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Boston Case Casts Shadow Over Senate Immigration Hearing


Now, the Boston bombings and the immigrant brothers accused of carrying them out cast a shadow over a hearing yesterday on Capitol Hill. The Senate Judiciary Committee was spending a second day scrutinizing a new bipartisan immigration bill. The measure offers a path to citizenship for millions of immigrants who are now here illegally. It also tries to tighten security along the Mexican border. Some of the bill's opponents brought up the Boston suspects and this had backers of the bill on the defensive.

NPR's David Welna reports.

DAVID WELNA, BYLINE: The 844 page immigration overhaul came out after the Boston bombings. Still, that was before anyone realized the apparent perpetrators were a pair of immigrant brothers who were granted political asylum a decade ago. Once that was known, critics started linking them to the new legislation. As yesterday's hearing on that bill got underway, Judiciary Committee Chairman Patrick Leahy preemptively issued a stern warning.

SENATOR PATRICK LEAHY: Let no one to be so cruel as to try to use the heinous acts of these two young men last week to derail the dreams and futures of millions of hardworking people. The bill before us would serve to strengthen our national security by allowing us to focus our border security and enforcement efforts against those who do us harm.

WELNA: It was the panel's top Republican, Chuck Grassley of Iowa, who first raised questions about the Tsarnaev brothers at the bill's initial hearing last Friday. Yesterday, Grassley compared doing that to raising questions about last week's fertilizer plant explosion.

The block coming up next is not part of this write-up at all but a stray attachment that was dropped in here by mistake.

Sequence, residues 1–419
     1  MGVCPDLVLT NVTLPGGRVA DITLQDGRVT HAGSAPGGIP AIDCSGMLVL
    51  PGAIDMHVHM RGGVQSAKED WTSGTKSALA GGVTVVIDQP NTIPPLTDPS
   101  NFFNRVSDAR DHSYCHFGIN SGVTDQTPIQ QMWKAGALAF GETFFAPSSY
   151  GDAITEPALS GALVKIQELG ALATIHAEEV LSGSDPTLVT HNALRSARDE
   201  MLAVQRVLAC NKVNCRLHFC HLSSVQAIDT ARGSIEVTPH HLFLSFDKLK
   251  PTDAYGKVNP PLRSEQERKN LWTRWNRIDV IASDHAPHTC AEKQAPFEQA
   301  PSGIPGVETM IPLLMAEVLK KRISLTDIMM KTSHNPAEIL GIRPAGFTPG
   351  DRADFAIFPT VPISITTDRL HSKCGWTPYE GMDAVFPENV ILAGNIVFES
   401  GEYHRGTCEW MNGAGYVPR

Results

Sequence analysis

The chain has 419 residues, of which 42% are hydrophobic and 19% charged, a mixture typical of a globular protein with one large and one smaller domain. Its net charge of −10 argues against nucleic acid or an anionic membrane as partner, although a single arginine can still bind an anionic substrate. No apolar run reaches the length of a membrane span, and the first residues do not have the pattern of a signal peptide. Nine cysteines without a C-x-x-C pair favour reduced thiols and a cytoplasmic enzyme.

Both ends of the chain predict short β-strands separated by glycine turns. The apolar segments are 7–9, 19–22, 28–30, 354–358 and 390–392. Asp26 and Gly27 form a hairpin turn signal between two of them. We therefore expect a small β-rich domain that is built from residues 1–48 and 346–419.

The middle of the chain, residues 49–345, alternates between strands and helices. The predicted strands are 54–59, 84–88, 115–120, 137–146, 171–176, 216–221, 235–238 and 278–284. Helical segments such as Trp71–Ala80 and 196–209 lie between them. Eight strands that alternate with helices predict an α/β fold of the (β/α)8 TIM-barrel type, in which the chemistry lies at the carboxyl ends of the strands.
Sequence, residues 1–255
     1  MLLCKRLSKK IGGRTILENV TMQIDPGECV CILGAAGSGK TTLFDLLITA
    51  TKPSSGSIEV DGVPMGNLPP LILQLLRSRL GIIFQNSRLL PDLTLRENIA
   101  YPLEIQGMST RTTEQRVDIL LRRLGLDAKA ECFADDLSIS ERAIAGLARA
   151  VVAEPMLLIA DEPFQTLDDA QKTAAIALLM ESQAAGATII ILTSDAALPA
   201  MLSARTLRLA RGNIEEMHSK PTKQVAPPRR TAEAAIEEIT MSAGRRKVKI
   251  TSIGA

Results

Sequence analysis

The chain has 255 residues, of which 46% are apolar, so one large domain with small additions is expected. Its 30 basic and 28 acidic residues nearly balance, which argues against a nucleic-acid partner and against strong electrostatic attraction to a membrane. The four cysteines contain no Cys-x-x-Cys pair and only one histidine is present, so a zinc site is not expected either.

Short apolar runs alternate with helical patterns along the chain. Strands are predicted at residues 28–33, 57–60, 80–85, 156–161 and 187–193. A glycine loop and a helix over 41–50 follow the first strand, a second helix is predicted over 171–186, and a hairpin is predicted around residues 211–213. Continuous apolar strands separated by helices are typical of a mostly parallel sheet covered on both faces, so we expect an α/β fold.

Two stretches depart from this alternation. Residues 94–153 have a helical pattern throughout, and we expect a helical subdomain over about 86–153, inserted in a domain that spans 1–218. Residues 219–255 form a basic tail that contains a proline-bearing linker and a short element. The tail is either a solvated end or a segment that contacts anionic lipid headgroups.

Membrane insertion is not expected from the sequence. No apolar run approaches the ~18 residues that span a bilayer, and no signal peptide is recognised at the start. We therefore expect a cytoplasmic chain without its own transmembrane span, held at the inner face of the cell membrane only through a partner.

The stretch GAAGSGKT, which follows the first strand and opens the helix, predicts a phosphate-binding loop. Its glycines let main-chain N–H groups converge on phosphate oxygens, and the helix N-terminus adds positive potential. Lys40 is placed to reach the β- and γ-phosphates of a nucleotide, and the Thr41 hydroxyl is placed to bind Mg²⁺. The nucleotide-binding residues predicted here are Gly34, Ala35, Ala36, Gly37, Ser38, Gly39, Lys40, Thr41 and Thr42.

SENATOR CHUCK GRASSLEY: I don't hear any criticism of people when there's 14 people killed in West, Texas and demanding taking advantage of that tragedy to warn about more government action to make sure that fertilizer factories are safe.

WELNA: Grassley then got into a heated exchange with one of the bill's cosponsors, New York Democrat Charles Schumer, who declared the American people did not want delays or impediments to the immigration bill.

SENATOR CHARLES SCHUMER: I say that particularly those who are pointing to what happened, the terrible tragedy in Boston, as a - I would say excuse for not doing the bill or delaying it many months or years.

GRASSLEY: I never said that.

SCHUMER: I didn't say you did.

GRASSLEY: I never said that.

SCHUMER: I didn't say you did, sir.

WELNA: In fact, senators generally steered clear of linking the Boston bombers to the immigration bill. But that was not the case with some of the witnesses. Mark Krikorian of the Center for Immigration Studies said the bombing illustrated problems in the current immigration system.

MARK KRIKORIAN: Why were the Tsarnaevs given visas to come to the United States to begin with? This is a question nobody seems to have answered. Why were they given asylum since they had passports from Kyrgyzstan? And especially why were they given asylum since the parents have moved back to Russia, the country they supposedly were fleeing?

WELNA: And Kansas Attorney General Kris Kobach pointed out that the older Tsarnaev brother who was killed last week had likely gotten more screening from the FBI than most unauthorized immigrants would get as they seek citizenship.

KRIS KOBACH: Most of these aliens are not going to have personal interviews. Tsarnaev had at least two background checks and he had a personal interview with the FBI. Yet they were still unable to conclude that he might have terrorist intentions and should be barred from the country, and that was far more scrutiny than these aliens are going to have.

WELNA: And that's precisely why this immigration legislation is needed, said South Carolina Republican and bill cosponsor Lindsey Graham. It gets people into the system.

SENATOR LINDSEY GRAHAM: All the hijackers on 9/11 were visa overstays. And if Boston tells us anything, we need to be aware of who's living among us, whether native born or come in on a visa and become a citizen - we can be threatened by our own people.

WELNA: One thing all did agree on was a request from Chairman Leahy to honor Boston's victims.

LEAHY: If you would please join me and stand for a moment of silence.

WELNA: David Welna, NPR News, the Capitol. Transcript provided by NPR, Copyright NPR.

David Welna is NPR's national security correspondent.